Vice-Based Accounts of Moral Evil

Alan T Wilson*

*Corresponding author for this work

Research output: Contribution to journalArticle (Academic Journal)peer-review

Abstract

In this paper, I highlight three objections to vice-based accounts of moral evil: (1) the worry that vice-based accounts of evil are explanatorily inadequate; (2) the worry that even extreme vice is not sufficient for evil; and (3) the worry that not all vices are inversions of virtue (and so vice-based accounts will struggle to explain the “mirror thesis”). I argue that it is possible to respond to these objections by developing a vice-based account of evil that draws on insights from virtue (and vice) epistemology. In this way, I seek to defend the strategy of understanding evil in terms of vice, and to provide guidance on how best to develop such an account. I also briefly consider what vice-based accounts of moral evil might imply about evil in other normative domains where it is common to talk of virtue and vice, including the possibilities of epistemic evil and aesthetic evil.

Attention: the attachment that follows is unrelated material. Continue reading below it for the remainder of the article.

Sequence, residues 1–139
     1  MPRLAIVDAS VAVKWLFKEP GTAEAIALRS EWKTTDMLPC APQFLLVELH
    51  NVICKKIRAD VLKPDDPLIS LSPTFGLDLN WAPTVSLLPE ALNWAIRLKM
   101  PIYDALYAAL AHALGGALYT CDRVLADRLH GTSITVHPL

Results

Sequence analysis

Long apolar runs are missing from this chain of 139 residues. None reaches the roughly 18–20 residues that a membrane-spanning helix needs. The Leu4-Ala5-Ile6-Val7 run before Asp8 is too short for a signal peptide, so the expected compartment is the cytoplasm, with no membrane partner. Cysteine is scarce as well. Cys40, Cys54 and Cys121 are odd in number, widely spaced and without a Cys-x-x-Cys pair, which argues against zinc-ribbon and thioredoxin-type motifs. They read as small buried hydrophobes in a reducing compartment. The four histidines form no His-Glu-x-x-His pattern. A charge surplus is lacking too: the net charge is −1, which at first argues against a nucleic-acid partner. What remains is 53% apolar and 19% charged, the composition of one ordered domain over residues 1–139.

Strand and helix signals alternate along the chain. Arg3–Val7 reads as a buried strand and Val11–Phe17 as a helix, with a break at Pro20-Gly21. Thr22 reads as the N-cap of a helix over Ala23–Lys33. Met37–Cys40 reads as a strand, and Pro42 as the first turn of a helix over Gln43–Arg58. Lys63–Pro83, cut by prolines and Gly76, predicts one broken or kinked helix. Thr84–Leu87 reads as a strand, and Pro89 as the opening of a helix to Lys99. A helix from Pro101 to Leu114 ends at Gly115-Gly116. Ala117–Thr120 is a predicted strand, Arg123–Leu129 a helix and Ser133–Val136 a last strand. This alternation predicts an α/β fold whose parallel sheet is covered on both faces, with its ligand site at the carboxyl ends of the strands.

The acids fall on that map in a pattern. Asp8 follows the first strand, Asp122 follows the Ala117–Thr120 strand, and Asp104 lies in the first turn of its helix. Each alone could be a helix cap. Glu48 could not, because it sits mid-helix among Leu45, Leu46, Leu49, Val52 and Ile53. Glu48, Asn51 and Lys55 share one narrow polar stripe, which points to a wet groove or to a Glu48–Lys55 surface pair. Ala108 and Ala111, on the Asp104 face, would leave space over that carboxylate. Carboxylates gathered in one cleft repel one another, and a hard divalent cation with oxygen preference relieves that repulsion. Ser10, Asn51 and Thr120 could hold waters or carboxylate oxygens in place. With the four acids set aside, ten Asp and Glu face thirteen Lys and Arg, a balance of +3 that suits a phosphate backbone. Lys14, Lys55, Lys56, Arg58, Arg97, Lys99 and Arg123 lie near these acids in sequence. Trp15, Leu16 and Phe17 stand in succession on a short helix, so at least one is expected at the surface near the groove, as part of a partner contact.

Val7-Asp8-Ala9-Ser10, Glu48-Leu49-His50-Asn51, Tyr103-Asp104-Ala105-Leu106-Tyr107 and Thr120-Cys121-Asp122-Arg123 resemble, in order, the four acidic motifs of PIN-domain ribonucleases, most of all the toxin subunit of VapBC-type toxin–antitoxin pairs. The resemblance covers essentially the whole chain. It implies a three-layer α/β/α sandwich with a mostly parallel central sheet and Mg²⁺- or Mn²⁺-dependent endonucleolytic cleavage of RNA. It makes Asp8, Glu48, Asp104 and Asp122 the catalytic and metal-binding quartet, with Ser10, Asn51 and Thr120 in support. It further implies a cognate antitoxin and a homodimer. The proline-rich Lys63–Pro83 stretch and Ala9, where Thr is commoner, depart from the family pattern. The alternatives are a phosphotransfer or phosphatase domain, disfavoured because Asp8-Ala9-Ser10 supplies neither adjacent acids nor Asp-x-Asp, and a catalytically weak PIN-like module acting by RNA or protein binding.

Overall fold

Original languageEnglish
Pages (from-to)2825-2845
Number of pages21
JournalPhilosophical Studies
Volume180
Issue number9
Early online date22 Jul 2023
DOIs
Publication statusPublished - 1 Sept 2023

Bibliographical note

Funding Information:
I am very grateful to the anonymous reviewers for their careful and helpful comments. I am also grateful to Martin Sticker for the invitation to participate in a “Perspectives on Evil” workshop at Bristol which prompted me to revisit some of my earlier draft ideas on this topic. Thanks also to the Ethics Reading Group at Edinburgh, and to audiences at Bristol, Cardiff, Edinburgh, and the Open University.

Publisher Copyright:
© 2023, The Author(s).

Keywords

  • evil
  • non-moral evil
  • virtue epistemology
  • virtue ethics
  • virtues
  • vices
  • vice epistemology

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